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    That's just outstanding John. Certainly puts my little spreadsheet to shame.
     
  12. Russell G

    Russell G Fake Shemp
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    My unwatched DVDs stay o the shelf by the tv, then after I've watched evreything on them, I archive them chronologically by director. Unfortunatly, I only have 200 dvds, so I don't have a problem with unwatched discs cluttering my entertainment rack [​IMG]

    I also suggest opening those suckers up the second your in the door (I usually open them in the parking lot of the store, but than I'm a geek). I always give them a spin, just to see that they play ok, even if I don't plan on watching it right away. I've caught a few bad ines this way.
     
  13. Jesse Skeen

    Jesse Skeen Producer

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    I keep mine in basically 3 sections- ones I've watched all the way through (including commentaries and extras, I also listen to the foreign-language dubs if there are any!), ones I've watched partially (just the movie but not the commentary for example) and ones I haven't watched at all- On my shelf I have 15 DIVX discs (which all have been played through the 10-minute screen saying "The Divx Feature is required to view this disc") to separate the "completely watched" ones too!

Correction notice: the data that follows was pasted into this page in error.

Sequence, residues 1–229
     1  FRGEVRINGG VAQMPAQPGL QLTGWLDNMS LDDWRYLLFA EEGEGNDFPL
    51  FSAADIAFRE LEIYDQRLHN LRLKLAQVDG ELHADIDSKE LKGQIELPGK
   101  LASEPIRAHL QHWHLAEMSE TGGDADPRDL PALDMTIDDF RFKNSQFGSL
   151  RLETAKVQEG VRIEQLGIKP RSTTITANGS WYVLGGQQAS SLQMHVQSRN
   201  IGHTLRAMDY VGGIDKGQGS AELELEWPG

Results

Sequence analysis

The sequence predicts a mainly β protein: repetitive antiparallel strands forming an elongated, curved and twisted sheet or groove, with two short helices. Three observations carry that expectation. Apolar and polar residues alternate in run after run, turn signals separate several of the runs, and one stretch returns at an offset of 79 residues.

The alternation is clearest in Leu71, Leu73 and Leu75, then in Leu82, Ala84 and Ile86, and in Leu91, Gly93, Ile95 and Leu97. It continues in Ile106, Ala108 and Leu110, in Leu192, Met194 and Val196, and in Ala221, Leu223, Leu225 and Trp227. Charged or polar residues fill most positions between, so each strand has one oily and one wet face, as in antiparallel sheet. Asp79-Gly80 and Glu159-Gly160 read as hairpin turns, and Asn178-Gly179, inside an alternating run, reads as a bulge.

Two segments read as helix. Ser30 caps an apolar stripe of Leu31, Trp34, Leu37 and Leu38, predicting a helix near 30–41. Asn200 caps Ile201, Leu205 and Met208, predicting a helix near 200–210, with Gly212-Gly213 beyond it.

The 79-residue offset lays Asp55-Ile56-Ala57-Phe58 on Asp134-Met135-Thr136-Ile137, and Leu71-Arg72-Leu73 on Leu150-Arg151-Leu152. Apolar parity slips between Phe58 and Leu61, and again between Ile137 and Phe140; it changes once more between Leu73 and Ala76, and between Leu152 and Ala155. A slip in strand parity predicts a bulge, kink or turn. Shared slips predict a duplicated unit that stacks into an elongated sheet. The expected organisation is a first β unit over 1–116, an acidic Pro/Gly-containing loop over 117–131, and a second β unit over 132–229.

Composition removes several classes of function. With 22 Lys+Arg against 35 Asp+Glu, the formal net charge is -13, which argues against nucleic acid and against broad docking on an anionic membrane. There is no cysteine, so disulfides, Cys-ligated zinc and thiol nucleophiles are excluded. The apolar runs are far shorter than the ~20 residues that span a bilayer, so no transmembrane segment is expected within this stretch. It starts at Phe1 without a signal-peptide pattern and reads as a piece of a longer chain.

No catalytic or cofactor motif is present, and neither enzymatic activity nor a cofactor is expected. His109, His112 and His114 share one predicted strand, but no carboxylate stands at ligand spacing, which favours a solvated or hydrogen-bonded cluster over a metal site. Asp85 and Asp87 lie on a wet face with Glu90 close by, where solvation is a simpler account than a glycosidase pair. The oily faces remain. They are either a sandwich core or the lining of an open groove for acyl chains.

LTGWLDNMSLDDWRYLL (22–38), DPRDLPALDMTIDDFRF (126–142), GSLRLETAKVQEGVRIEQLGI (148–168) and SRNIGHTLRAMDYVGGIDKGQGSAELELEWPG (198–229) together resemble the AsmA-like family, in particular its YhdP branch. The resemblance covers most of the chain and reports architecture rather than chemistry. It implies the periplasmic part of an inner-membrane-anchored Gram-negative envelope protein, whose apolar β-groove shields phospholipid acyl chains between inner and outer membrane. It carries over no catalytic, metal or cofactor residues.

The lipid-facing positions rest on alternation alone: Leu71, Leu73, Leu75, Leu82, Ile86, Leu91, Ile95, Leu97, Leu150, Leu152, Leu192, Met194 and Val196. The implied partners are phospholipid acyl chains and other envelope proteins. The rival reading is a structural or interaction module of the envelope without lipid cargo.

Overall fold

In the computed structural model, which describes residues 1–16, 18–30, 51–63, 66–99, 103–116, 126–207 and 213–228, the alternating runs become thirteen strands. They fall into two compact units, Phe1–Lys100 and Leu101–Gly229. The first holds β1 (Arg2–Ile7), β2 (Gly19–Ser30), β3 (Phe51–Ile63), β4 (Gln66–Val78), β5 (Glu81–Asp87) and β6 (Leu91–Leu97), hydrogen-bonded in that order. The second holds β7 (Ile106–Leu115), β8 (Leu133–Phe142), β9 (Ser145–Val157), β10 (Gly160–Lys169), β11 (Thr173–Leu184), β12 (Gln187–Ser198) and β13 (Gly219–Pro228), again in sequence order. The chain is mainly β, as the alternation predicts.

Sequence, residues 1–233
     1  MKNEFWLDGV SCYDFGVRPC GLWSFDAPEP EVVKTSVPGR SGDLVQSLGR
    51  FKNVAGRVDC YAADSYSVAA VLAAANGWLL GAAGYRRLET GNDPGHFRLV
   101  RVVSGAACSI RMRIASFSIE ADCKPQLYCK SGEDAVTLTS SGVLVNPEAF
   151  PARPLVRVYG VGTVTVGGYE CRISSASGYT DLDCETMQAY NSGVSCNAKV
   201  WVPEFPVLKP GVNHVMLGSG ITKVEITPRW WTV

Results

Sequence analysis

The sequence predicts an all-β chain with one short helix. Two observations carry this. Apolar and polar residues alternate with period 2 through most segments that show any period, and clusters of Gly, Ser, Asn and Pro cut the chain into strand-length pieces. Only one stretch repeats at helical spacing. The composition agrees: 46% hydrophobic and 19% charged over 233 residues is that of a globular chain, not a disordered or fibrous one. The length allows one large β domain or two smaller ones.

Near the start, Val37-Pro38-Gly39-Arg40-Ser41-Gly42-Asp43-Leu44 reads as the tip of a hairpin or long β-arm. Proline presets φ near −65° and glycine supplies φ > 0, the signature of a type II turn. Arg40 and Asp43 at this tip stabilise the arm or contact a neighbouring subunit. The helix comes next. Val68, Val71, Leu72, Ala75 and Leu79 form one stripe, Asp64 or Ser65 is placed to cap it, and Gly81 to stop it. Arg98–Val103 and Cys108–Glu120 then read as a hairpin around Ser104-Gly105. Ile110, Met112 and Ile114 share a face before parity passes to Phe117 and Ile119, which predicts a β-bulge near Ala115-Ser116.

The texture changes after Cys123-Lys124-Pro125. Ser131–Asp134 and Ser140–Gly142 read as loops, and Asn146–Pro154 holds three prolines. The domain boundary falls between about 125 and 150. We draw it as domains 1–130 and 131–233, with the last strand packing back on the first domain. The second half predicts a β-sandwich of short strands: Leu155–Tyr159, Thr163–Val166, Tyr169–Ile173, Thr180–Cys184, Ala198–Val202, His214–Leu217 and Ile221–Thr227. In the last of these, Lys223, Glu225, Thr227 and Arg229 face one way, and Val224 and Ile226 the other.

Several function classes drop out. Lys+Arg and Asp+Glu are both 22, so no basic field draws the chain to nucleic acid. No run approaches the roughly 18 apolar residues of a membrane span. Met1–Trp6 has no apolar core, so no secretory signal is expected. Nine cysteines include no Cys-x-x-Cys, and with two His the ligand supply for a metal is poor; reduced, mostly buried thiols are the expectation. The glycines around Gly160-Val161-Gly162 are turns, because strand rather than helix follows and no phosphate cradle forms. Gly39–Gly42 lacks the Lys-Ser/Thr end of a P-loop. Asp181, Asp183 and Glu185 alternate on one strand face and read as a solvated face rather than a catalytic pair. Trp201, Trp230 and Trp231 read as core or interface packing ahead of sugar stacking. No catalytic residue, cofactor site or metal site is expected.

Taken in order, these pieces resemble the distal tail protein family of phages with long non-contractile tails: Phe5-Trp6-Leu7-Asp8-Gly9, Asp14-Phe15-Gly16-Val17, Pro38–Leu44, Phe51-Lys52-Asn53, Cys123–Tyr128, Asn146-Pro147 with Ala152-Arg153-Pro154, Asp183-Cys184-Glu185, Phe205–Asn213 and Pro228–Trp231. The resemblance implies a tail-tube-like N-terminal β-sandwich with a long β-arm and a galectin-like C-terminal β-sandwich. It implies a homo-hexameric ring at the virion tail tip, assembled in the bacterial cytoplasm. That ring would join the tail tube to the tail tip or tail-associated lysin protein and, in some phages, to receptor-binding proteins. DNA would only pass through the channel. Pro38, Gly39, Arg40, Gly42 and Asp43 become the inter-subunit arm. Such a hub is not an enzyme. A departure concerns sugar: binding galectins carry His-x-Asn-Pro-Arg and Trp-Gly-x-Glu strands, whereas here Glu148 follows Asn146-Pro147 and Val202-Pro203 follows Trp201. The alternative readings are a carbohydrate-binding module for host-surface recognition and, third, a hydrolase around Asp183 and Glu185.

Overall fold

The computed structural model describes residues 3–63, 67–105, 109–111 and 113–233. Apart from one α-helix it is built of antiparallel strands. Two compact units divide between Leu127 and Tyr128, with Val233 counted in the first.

I always open newly-bought discs right away to see what the inside looks like and to catch any problems that might arise.
     
  14. StevenW

    StevenW Second Unit

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    I use my memory.
     
  15. Ric Easton

    Ric Easton Cinematographer

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    I use my faulty memory.
     
  16. Dan Rudolph

    Dan Rudolph Producer

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    I put a note in DVD Profiler.
     
  17. gregstaten

    gregstaten Supporting Actor

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    Interesting that several of you use a notation in your database to indicate that you've watched a DVD. I've though of doing something similar.

    One question: do you therefore keep a printout of the database by your collection so you can reference the watched/unwatched field?

    -greg
     
  18. Dave H

    Dave H Producer

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  19. David Von Pein

    David Von Pein Producer

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  20. David Von Pein

    David Von Pein Producer

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    How 'bout this simple idea......

    Slide a note under one of the inside insert clips on all your unwatched titles. If you open a case and spy a note card, you know immediately it's of the "unwatched" variety. [​IMG]

    I apply the above "note card / index card" method on some titles to remind me that a particular title contains some noteworthy Easter Eggs that I most definitely would forget about looking for if the index card had not been attached. Then it's off to www.dvdreview.com to get the Egg Shortcuts. [​IMG]

    Also: Does anybody else use notes in the cases to remind them where they left off on a given disc? (Especially useful on TV Boxed Sets ..... i.e.: Have watched thru Ep. 13 of ST-TNG-Season 5.) Being able to tell where you left off is about the only advantage VHS had over DVD.